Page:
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The Kensington Lighthouse is situation of a 160m2 strip of land between a former factory and its kitchen, in a densely urbanised, mixed use inner city context.
On the north, the neighboring house presents a 4m high wall overshadowing the site. North facing sun shells were created to capture and reflect sunlight. They are articulated by exposed timber portal frames lined with timber panels and clad in a lightweight skin of dark grey and deep blue corrugated metal. These sun shells form the roof and southern façade.
Timber framed glass and translucent polycarbonate were used to frame views and admit light while preserving privacy on the west, north and eastern walls.
The house is made from two sun shells forms, connected around a courtyard by the link – a rectilinear volume running the length of the northern boundary. The west sun shell contains entry, lounge, kitchen double height dining on the lower level; and study, guest bed and bathroom on the mezzanine. The east sun shell at the rear of the site, across the courtyard and on a mid-level, houses the master bedroom and ensuite, below is a double carport accessed from the rear laneway.
The overwhelming condition of this project’s dense, mixed use urban site was its severely limited access to sunlight. The northern neighbor’s 4 meter high cliff-like wall runs along the boundary while the southern neighbour’s existing north facing windows required access to light. As a consequence passive solar and thermal design principles inform the building’s spatial and formal resolution.
The link – a linear element matching the neighbouring wall and containing circulation and services – was created on the northern boundary, exaggerating the cliff-like quality of the northern edge. Platforms were established; some anchored on the ground, others floating up against the link.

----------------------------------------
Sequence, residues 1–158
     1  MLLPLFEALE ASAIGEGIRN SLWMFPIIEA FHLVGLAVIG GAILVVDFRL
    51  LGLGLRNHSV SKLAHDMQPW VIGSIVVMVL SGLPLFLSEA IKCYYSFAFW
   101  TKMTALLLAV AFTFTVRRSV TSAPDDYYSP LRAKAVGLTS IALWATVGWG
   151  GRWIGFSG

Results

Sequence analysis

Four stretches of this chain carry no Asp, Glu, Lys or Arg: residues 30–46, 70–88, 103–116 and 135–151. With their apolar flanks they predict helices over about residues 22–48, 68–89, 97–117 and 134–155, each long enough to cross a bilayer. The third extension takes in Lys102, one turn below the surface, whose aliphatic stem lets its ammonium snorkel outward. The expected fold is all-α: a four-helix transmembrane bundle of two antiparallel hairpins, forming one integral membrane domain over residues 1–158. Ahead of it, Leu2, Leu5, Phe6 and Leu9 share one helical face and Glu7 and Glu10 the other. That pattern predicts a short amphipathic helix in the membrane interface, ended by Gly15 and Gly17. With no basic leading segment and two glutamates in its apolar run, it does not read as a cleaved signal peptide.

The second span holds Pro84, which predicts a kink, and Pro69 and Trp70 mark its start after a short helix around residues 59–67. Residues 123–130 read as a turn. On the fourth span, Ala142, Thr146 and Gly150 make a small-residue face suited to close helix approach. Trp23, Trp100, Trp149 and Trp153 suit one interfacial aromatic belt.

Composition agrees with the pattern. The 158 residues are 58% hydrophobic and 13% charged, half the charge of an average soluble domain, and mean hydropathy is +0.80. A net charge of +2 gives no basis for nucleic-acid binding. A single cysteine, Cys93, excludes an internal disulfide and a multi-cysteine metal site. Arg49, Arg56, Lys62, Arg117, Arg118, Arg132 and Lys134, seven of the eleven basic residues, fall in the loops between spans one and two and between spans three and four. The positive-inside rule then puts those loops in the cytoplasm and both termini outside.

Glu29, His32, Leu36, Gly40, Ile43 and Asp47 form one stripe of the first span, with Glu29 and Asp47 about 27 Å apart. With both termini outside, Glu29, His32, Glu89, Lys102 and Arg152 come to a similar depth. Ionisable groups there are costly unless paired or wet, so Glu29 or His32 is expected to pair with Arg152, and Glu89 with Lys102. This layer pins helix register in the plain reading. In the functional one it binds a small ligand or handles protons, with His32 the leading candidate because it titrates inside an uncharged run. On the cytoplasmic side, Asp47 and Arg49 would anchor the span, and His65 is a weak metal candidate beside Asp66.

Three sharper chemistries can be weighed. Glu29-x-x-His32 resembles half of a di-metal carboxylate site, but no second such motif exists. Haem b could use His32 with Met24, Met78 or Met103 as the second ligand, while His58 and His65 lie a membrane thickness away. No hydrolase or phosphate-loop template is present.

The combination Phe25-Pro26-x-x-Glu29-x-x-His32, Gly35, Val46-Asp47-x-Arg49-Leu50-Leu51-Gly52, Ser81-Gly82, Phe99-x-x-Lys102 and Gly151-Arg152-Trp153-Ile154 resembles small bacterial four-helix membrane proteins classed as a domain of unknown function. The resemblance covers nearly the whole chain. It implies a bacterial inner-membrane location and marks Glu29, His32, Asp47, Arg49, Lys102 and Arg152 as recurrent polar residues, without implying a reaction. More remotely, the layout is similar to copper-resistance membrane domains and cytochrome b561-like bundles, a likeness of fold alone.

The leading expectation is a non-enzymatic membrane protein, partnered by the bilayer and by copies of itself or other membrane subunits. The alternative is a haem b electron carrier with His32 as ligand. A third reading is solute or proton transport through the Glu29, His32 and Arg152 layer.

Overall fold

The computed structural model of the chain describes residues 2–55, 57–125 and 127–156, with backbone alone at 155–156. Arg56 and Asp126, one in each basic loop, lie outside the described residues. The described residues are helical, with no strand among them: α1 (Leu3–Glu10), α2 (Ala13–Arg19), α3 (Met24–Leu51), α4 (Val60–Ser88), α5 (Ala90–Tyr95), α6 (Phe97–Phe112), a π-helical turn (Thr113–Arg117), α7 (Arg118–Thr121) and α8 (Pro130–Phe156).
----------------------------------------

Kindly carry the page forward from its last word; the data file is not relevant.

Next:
Finally, two sun shells were introduced, enclosing the platforms. Peeping over the link, the sun shells capture sunlight, reflecting it inside -and establishing the necessary temperature differential for cross ventilation.
The west sun shell – closest to the street – defines a two storey volume and contains living, kitchen, dining, study, bathroom and guest bedroom. The eastern sun shell -located across the courtyard, adjacent a laneway and above the carport – houses master bedroom and ensuite.
The sun shells form the roof and south façade. The north, east and west walls are clad in timber framed glass and translucent polycarbonate, framing views and admitting light while preserving privacy. The translucent skin captures shadows of neighboring trees, passing clouds and filtering light to the interior.
Interior space and architectural expression are completely interdependent, maximising the volume of the house yet articulating separate zones through spatial variety. Low, intimate spaces are created for the lounge and kitchen while a contrasting soaring space is created above the dining table, encapsulating the study and leading to the courtyard.
Outside spaces are drawn into the interior through extensive use of large openings – the courtyard doubles as an al fresco dining space, the street side garden can be opened to the lounge, doors from master bedroom overlooking the courtyard create a Juliette balcony and the windows in the southern façade draw in the fence side garden lane.
The width of a roof sheet acts as an overarching module for the sun shell design. The spacing of timber portal frames, window widths and interior timber panels all follow this module, creating regular sizes for many components. Decorative possibilities were identified and exploited within the underlying rationale – therefore the heights of windows, lengths of veneered panel and the colours of the roof sheet varied – breaking the unity of larger surfaces. In this framework the decorative impulse of the fretwork of surrounding workers’ cottages was reinterpreted – continuing the theme of contextual specificity underpinning this house.
The material and detailing reflects the project’s pragmatic approach to construction. The primary timber portal frame and its expressed steelwork correspond to manhandled-able elements – eliminating a crane – and bolted into position through t-joints, v-joints and curved brackets. Natural materials, chosen for their texture and propensity to age gracefully, articulate major elements creating a palette of hardwood timber frames, timber panelling, honed concrete, timber framed glazing and translucent polycarbonate.